Members want liberalisation in phone traffic

PUBLISHED : Thursday, 22 August, 1996, 12:00am
UPDATED : Thursday, 22 August, 1996, 12:00am
 

Members of the Asia-Pacific Economic Co-operation (Apec) forum are pushing for a liberalisation in telecommunications, signalling a potential breakthrough.


World Trade Organisation negotiations on the issue became bogged down in April following the reluctance of some Asian countries to make concessions, but Apec members now were prepared to go beyond their offers submitted in Geneva, officials of the organisation meeting in Davao said.


'Some economies offered much better terms on telecoms than they were prepared to offer in Geneva in the unfinished [WTO] negotiations on trade and communications,' an Apec official said.


After Apec's Senior Officials Meeting opened in Davao, meeting chairman Federico Macaranas said telecommunications was the area on which most economies had focused in producing individual action plans for lowering trade and tariff barriers.


'Nearly ever country is making offers to liberalise its telecommunications,' Mr Macaranas said. 'We believe that telecommunications is very vital to the Asia Pacific century.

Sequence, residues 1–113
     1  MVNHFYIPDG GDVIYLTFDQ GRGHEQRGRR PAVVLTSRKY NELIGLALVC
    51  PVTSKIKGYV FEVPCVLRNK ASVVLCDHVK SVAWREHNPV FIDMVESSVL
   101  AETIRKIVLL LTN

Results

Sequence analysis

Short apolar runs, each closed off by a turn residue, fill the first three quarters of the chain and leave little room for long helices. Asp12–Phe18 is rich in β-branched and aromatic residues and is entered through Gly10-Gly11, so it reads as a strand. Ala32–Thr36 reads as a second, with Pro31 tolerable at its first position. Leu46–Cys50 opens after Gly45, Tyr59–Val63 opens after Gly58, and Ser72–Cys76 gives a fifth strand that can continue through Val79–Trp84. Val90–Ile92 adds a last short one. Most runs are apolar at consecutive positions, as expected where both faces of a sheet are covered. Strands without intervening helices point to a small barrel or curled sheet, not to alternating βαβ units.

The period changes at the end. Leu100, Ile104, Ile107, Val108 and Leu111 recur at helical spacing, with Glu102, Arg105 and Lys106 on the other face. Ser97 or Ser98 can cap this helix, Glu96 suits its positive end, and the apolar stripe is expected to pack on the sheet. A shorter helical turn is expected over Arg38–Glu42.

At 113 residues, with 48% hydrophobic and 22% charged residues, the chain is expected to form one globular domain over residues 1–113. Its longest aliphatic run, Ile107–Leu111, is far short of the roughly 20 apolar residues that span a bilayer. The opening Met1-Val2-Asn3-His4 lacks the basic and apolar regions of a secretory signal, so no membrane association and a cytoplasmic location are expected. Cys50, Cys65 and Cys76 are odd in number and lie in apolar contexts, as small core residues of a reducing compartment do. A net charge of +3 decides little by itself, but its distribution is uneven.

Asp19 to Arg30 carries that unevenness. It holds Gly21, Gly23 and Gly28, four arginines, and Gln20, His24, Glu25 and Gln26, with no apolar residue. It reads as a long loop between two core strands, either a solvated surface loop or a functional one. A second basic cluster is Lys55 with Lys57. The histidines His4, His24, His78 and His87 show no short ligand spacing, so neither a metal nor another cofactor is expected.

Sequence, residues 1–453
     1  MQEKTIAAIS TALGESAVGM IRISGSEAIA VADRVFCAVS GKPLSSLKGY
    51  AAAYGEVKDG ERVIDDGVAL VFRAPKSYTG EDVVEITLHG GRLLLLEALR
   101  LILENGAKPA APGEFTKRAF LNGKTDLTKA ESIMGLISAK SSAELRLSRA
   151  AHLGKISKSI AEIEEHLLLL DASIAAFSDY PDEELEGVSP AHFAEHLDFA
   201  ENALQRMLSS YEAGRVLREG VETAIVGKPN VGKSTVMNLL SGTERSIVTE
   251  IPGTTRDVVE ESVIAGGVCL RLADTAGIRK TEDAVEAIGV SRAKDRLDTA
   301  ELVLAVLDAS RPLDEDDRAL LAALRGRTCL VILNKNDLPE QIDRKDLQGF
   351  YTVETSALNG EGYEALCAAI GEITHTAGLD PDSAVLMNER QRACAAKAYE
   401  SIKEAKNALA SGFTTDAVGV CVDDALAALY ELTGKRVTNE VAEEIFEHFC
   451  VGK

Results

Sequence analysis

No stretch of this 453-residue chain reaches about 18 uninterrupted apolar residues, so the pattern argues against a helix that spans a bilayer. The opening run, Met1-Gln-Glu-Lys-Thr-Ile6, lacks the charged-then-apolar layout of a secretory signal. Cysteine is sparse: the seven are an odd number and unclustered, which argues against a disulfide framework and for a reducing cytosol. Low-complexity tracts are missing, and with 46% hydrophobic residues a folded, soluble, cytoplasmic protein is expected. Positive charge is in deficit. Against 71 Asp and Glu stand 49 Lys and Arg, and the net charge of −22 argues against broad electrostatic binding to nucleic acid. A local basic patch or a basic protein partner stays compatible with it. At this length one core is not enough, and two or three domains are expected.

'The region will become more dynamic if information technology and telecommunications become the basis of the service-oriented 21st century.' No details of the individual offers to allow greater competition in telecommunications were released, but they will form the basis for further talks among Apec leaders in Manila in November, when an action plan will be agreed.


The United States is pressing Apec to approve a free-trade regime also for computer and computer-related products.


Apec officials said members in their action plans had widened liberalisation beyond the four areas agreed on at the meeting in Osaka in November last year: energy, transport, telecommunications and tourism.


The head of the Philippines delegation, Edsel Custodio, said they also had addressed the opening of other markets, such as financial and business services and audio-visual products.


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